A physician has had recurrent herpes simplex for nineteen years. For the first twelve years it was localized to the shaft of the penis; for the last seven, to the right buttock. The attacks never occurred more often than two or three times a year. The last attack subsided April 5, 1947. On April 13 this physician began vaccinating patients. (The Department of Health of New York City recommended that all the population receive cowpox vaccination at once.) Four days later this physician had another attack of herpes on the same buttock, this lesion being about 1 inch (2.5 cm.) from the location of the last. The physician himself had not been vaccinated at this time.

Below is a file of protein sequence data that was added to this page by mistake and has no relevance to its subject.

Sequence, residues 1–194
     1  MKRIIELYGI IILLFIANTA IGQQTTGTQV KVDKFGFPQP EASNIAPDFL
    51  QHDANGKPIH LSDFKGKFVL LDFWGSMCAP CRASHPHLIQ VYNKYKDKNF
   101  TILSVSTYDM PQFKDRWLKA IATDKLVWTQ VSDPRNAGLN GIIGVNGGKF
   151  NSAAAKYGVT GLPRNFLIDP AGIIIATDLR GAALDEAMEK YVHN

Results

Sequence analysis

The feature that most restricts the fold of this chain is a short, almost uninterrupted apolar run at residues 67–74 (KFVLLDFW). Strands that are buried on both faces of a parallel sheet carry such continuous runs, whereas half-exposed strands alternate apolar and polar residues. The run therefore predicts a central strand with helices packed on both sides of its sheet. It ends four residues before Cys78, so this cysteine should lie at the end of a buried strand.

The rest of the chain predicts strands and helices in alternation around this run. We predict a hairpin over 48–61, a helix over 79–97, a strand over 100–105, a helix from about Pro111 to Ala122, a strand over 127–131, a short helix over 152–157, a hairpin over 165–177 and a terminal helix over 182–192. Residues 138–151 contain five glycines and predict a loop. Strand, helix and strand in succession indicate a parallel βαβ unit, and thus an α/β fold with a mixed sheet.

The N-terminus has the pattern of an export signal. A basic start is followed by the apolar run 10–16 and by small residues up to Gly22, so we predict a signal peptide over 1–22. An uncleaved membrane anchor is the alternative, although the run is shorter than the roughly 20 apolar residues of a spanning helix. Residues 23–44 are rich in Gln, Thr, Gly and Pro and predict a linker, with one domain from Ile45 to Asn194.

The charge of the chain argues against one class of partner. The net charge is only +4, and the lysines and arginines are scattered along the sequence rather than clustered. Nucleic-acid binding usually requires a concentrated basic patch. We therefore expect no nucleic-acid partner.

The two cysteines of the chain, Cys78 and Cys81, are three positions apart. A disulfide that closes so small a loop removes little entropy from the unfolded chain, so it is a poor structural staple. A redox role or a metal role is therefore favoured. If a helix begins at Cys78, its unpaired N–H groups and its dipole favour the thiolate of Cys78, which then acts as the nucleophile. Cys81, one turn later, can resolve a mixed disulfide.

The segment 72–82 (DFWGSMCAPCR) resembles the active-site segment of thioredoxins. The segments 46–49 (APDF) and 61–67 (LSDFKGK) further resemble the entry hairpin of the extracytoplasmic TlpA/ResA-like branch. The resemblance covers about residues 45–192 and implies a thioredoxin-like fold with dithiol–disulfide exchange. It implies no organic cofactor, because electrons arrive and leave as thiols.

It is impossible for one giving many vaccinations to avoid receiving some of the vaccine lymph on his fingers, without local reaction. It is statistically reasonable, in view of this nineteen year history, to